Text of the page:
For a country and a vote that are both so important for Europe, the election campaign now ending in Germany has been remarkable for its lack of excitement. The assumption from the outset has been that Angela Merkel will win a third term as Chancellor, and the contest between her centre-right Christian Democrats and their chief rivals, the centre-left Social Democrats, led by Peer Steinbrück, has been as calm and consistent as Ms Merkel herself – to the point where some have described it as an election without politics.
On the big questions – the future of the EU and its single currency, Berlin’s reluctance to become involved in foreign wars, the components of Germany’s continuing economic success – there is little divergence between the two main parties. In the one televised debate, the differences between Ms Merkel and Mr Steinbrück were so small that it seemed almost like an advertisement for a return to the “grand coalition” many Germans appear to want.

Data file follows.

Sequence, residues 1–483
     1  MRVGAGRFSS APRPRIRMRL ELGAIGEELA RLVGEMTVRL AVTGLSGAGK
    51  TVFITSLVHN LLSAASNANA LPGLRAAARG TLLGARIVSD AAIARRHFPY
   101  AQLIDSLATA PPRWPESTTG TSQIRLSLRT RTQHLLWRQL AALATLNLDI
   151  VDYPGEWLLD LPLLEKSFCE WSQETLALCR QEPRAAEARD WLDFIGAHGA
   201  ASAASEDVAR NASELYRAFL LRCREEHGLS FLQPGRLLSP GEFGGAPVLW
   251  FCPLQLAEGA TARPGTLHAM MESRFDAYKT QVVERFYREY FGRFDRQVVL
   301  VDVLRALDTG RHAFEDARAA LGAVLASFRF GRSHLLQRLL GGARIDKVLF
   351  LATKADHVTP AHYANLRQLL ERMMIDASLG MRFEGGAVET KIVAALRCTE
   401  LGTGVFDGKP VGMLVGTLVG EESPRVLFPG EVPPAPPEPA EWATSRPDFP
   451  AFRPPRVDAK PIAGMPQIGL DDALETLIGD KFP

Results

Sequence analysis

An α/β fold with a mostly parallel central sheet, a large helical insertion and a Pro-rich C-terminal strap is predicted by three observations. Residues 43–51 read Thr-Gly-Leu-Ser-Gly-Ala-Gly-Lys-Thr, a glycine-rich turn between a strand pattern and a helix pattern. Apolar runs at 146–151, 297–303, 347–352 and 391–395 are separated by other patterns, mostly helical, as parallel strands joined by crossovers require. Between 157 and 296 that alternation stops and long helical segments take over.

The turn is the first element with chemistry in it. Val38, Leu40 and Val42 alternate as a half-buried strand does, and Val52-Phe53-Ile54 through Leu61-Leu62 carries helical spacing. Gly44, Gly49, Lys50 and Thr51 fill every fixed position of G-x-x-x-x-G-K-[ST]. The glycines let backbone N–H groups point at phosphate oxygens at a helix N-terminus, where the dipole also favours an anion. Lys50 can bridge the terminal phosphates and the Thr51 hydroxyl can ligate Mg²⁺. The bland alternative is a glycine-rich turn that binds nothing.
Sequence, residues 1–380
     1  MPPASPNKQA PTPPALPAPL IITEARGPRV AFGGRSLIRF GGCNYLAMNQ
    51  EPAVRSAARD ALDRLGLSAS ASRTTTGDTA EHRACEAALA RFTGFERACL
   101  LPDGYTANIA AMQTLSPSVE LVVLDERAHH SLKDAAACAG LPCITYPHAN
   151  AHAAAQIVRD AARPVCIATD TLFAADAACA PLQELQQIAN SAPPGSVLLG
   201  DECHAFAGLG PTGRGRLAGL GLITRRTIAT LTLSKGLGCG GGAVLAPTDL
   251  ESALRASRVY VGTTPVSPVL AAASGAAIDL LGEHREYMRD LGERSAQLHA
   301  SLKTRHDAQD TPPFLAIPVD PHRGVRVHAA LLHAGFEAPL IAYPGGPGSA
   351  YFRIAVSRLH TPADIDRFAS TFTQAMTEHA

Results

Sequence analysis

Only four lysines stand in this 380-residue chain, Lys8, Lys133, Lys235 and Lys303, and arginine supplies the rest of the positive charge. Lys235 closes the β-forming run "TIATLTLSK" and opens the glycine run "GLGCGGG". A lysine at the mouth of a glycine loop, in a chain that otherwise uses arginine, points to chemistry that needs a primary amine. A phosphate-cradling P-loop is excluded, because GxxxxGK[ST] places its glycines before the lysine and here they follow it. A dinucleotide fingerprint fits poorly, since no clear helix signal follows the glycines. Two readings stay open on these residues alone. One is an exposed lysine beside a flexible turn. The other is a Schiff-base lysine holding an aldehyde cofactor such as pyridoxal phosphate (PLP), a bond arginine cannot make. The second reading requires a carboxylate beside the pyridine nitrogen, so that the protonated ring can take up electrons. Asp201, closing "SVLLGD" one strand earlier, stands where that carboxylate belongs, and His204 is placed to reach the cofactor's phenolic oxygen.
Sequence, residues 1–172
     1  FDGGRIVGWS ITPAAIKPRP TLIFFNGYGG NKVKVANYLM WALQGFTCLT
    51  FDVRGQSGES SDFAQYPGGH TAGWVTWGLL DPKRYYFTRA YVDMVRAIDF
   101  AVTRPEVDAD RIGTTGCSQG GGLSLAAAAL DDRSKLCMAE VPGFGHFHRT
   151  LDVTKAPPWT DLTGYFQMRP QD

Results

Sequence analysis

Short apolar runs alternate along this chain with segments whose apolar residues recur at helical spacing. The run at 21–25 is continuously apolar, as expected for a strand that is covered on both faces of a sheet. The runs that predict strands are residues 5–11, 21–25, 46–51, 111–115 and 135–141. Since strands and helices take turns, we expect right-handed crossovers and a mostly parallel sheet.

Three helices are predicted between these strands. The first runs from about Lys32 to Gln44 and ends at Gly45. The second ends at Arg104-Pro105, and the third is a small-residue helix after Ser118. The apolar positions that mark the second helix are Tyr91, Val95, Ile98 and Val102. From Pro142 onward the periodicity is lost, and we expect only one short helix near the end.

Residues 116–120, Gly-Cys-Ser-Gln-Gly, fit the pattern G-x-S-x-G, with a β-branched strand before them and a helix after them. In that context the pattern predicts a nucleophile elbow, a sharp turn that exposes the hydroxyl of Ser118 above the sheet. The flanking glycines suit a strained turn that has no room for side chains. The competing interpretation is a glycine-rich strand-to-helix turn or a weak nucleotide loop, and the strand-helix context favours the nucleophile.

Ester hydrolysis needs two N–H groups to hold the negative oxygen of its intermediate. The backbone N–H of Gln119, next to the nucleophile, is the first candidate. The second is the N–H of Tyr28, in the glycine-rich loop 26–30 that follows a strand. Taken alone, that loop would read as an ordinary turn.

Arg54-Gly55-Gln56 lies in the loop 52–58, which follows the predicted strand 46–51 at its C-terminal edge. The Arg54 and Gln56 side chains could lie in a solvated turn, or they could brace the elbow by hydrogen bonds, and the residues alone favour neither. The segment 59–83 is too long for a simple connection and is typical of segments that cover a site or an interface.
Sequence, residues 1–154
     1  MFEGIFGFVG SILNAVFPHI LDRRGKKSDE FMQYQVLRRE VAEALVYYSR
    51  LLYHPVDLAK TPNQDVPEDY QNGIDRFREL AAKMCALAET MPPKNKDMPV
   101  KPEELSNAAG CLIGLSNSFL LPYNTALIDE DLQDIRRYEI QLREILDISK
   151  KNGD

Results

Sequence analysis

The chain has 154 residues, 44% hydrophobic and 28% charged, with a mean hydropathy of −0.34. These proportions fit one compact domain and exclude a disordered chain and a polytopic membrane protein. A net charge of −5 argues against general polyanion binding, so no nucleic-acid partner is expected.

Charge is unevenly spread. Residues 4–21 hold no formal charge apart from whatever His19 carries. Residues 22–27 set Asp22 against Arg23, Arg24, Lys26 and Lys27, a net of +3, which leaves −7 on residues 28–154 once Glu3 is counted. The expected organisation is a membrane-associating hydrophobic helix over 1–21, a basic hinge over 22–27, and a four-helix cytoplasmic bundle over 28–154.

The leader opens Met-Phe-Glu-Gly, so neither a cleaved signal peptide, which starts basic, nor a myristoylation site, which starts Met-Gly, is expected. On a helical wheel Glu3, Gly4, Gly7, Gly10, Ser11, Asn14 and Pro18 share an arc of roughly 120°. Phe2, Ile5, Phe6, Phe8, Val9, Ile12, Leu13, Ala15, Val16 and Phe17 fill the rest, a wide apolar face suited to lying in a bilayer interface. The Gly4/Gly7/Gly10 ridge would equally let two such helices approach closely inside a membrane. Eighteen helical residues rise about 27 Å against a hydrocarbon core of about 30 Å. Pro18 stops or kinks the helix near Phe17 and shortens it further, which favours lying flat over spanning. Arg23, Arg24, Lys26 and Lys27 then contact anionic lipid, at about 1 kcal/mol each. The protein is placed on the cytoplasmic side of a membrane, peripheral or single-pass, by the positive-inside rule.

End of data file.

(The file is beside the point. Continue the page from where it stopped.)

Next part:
Ms Merkel would prefer to stick with the Free Democrats, keeping the right-ish emphasis on sound money that marks the outgoing government. But for that the FDP must reach the threshold for representation in the Bundestag, which cannot be taken for granted. If it fails, the most likely alternative is a grand coalition of the CDU and SPD, despite the latter spending the campaign playing hard to get.
A more adventurous option would be a CDU/Green alliance, which Ms Merkel’s U-turn on nuclear energy after the Fukushima disaster, perhaps unintentionally, made possible.
Whatever Sunday’s result – and Germany could do worse than vote for more of the same – one thing will change almost at once. Much decision-making in Europe and beyond has been on hold for months, the pending election a useful pretext. With a new government in Berlin, the procrastination will have to end.Reuse content